Killing Doctors Over Bad Healthcare in China
There is no question that health care in the United States has its problems. Costs have risen drastically and access to — and quality of — medical care can be uneven, depending on where you live.
Contributing to the high cost of medicine is the prevalence of lawsuits against medical providers. Doctors and other providers must be covered by robust malpractice insurance to protect themselves from lawsuits — both frivolous and meritorious.
But in China, it is not lawsuits from which doctors and other providers need protection, but rather from violent attacks by relatives of patients receiving poor care.
It has gotten so bad that the Ministry of Public Security, China’s police force, has issued security guidelines that suggest at least 1 guard per 20 patient beds, or no less than 3% of medical staff. The guidelines also call for alarm buttons, security doors, weapon detection equipment, camera surveillance, and foot patrols in hospitals.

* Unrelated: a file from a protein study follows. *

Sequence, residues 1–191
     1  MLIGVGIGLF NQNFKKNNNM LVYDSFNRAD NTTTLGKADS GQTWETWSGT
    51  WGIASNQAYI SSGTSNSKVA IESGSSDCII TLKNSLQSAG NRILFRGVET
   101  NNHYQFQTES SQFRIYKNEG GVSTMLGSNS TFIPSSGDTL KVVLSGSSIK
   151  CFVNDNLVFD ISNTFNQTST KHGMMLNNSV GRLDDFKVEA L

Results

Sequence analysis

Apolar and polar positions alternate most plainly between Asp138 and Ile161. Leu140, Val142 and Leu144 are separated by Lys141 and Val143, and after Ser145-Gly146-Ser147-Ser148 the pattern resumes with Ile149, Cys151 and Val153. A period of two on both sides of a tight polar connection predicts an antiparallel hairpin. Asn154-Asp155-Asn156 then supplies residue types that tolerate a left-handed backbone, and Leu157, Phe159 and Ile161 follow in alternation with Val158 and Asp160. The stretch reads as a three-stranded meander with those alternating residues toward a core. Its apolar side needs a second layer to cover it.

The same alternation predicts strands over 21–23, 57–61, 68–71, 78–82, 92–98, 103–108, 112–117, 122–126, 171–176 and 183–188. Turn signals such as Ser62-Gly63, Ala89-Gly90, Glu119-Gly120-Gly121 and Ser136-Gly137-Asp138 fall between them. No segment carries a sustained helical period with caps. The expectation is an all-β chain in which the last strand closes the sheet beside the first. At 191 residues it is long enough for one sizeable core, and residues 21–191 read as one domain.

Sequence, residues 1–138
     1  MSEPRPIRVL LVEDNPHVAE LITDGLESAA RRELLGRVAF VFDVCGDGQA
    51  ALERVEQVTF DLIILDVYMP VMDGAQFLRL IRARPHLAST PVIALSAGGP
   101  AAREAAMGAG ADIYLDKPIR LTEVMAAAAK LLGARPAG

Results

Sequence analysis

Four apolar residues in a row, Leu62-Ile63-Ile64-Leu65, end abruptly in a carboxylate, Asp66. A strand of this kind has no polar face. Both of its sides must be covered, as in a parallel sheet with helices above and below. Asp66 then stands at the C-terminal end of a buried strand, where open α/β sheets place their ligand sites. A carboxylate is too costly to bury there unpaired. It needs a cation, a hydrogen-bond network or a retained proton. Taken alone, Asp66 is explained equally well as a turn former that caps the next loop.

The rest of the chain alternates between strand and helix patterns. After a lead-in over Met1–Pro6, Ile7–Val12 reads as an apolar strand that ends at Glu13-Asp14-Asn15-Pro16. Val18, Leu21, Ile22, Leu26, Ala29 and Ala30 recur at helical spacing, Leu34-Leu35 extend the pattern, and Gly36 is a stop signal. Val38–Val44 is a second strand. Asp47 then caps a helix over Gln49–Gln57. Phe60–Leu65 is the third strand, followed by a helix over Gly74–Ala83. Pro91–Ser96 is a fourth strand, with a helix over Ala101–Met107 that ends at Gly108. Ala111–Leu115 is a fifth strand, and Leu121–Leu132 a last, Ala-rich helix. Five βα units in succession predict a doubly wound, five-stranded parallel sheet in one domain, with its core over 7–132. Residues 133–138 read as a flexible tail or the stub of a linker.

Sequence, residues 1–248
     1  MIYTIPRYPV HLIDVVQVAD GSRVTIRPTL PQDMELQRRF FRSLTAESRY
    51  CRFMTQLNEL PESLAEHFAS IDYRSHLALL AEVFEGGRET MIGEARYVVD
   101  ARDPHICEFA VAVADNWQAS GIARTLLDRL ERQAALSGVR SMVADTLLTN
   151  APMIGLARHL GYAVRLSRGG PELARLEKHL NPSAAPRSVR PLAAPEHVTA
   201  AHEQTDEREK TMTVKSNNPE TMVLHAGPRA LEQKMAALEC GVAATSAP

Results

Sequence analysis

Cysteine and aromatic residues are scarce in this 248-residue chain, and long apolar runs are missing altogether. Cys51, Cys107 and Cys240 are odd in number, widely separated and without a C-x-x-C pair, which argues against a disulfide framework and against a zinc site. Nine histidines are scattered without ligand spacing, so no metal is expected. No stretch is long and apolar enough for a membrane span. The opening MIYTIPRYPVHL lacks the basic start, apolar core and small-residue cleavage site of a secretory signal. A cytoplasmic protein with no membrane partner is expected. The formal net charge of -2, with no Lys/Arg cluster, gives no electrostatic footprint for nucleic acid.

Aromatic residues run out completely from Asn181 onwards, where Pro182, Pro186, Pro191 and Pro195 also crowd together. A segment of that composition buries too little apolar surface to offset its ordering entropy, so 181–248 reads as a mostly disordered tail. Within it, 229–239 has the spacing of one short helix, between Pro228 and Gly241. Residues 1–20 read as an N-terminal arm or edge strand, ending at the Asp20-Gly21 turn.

In 2012, there were an average of 27.3 assaults on doctors in China!
Some experts say assault is so prevalent because doctors often accept bribe money in order to cure a patient. When a patient fails to recover, the family is angry at the loss of both life and money. The anger spills over into violence.
Virginia injury lawyer Doug Landau is shocked that this could occur. “And U.S. doctors are upset about malpractice suits and insurance? Try practicing medicine in China!” says Doug. “In Communist China, BOTH the patient AND the doctor’s lives may be on the line.”